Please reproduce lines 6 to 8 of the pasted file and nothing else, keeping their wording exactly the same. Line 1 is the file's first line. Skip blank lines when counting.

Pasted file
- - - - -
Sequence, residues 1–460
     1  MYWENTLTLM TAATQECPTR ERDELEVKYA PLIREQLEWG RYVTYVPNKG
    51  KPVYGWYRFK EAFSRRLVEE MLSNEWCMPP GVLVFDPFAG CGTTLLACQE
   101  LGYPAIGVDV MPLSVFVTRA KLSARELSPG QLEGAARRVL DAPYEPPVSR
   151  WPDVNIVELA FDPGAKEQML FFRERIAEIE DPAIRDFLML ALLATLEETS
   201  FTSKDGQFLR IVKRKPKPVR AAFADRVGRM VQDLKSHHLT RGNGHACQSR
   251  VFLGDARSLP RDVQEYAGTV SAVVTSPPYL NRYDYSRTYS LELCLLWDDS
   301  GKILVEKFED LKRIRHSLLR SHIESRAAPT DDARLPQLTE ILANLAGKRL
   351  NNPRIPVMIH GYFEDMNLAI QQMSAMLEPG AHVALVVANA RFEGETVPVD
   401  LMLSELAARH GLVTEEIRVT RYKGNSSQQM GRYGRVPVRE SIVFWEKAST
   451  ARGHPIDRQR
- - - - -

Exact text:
   201  FTSKDGQFLR IVKRKPKPVR AAFADRVGRM VQDLKSHHLT RGNGHACQSR
   251  VFLGDARSLP RDVQEYAGTV SAVVTSPPYL NRYDYSRTYS LELCLLWDDS
   301  GKILVEKFED LKRIRHSLLR SHIESRAAPT DDARLPQLTE ILANLAGKRL